Shady Palms by Allen Dusk
Click to Read an Excerpt

What inspired you to write the book?
The idea for the book evolved while I was working on an old film project. One scene involved a late-night horror movie host rambling off crazy b-movie titles. Bedbugs from Hell was one of those titles and eventually the concept gained traction until it blossomed into a story I felt I needed to tell. I'm a huge fan of creature features such as THEM! and Eight Legged Freaks, so it was fun to create a world where my creations could thrive. Also, when I was much younger, I lived in an old motel with my mother for about a year. I found it very therapeutic to draw from some my real experiences, then warp them into the fantastic.

Who do you see as your target audience and where can we buy the book?
My target audience includes fans of extreme horror, what we once called Splatterpunk, but that term seems to have lost its edge. I thought it was time to reinvigorate the genre and drench it with a shiny new coat of blood.
Fans of old school radioactive creature features and X-Files fanatics will love the story since it deals with some of the scenarios and archetypes you'd typically find in those genres. At its heart Shady Palms is a tale about non-believers fighting against the unbelievable.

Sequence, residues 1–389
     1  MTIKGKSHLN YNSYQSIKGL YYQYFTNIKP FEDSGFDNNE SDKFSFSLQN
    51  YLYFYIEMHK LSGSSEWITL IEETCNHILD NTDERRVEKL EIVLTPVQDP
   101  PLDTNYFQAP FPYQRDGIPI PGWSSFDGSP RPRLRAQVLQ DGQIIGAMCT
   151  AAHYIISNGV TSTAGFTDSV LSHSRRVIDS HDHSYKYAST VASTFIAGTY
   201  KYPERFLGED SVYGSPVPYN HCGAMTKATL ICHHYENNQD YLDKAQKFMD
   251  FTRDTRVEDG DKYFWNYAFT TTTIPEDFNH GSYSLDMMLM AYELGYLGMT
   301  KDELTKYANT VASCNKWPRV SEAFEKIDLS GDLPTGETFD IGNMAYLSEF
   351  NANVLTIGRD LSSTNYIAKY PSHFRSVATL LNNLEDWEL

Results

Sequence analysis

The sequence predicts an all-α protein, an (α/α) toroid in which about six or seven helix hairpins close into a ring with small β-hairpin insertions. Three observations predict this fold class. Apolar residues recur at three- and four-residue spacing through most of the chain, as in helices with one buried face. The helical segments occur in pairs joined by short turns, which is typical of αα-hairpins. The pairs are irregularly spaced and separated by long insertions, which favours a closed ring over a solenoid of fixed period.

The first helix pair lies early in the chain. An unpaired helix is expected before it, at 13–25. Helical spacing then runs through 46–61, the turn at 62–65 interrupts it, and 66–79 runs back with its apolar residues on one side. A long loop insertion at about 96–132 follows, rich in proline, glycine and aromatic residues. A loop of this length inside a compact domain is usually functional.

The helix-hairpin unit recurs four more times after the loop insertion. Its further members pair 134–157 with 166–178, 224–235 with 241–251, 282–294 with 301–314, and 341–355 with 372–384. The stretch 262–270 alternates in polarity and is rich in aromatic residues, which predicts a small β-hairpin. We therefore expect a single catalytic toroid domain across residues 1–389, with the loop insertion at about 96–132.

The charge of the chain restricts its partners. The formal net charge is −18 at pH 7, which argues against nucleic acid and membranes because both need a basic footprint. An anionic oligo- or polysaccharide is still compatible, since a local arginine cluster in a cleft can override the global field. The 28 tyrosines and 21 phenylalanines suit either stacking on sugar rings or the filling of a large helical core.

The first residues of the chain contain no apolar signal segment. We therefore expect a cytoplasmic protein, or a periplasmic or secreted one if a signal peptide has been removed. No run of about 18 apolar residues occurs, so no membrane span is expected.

Shady Palms is for sale through all the major online outlets. The eBook is available on Kindle, Nook, iTunes, Kobo and any other format can be found at Smashwords.com. Paperbacks can be purchased through Amazon, B&N, and Powell's Books. A limited number of Autographed copies of the 1st edition can be picked up from Mysterious Galaxy Bookstore in San Diego.

"I totally get this book." 

How would you describe the success of your book so far?
I'm very happy with the critical reviews Shady Palms has received but I'm more delighted by the great fan reviews which have been popping up on Amazon and Goodreads. As a writer, there's no better reward than when a reader tells you, "I totally get this book."
I know I wrote Shady Palms for a niche market, but I did so to help further reinforce my foundation as an author. While we did almost sell out of books at my first public signing, I'm realistic enough to know I'm not going to strike it rich with this first book, and sales may be hit and miss down the road. But I also know I'm just getting started. The beauty of the digital revolution in publishing is that Shady Palms will never go out of print. It will always be out there for fans to discover along with my other works.

How long did it take you to write the book?
Just about 2 years total from start to finish. I wrote the first draft of Shady Palms in about 8 months, and then I set the manuscript aside for a month. It took me another 11 months to wrap up the second draft only because I got married and obviously had to devote time to my beautiful wife. After completing the second draft I spent the next 5 months working with beta readers and editors to smooth over details and fill in the gaps.

"...my stories sell like wildfire on the Nook."

Please, tell us where you self-published the book.